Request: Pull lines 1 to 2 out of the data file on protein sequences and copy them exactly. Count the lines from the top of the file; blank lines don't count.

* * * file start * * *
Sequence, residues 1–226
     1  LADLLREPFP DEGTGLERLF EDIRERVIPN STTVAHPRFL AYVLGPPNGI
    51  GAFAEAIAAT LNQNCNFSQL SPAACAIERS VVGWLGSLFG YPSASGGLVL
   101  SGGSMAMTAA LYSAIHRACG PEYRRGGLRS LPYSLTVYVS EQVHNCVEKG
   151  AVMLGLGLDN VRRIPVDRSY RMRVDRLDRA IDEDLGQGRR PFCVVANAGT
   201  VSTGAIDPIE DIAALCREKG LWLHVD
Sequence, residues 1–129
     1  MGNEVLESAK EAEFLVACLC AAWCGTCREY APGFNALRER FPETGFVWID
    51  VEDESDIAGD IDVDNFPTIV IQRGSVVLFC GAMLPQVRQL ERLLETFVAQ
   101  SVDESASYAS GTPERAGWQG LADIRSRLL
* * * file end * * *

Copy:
Sequence, residues 1–226
     1  LADLLREPFP DEGTGLERLF EDIRERVIPN STTVAHPRFL AYVLGPPNGI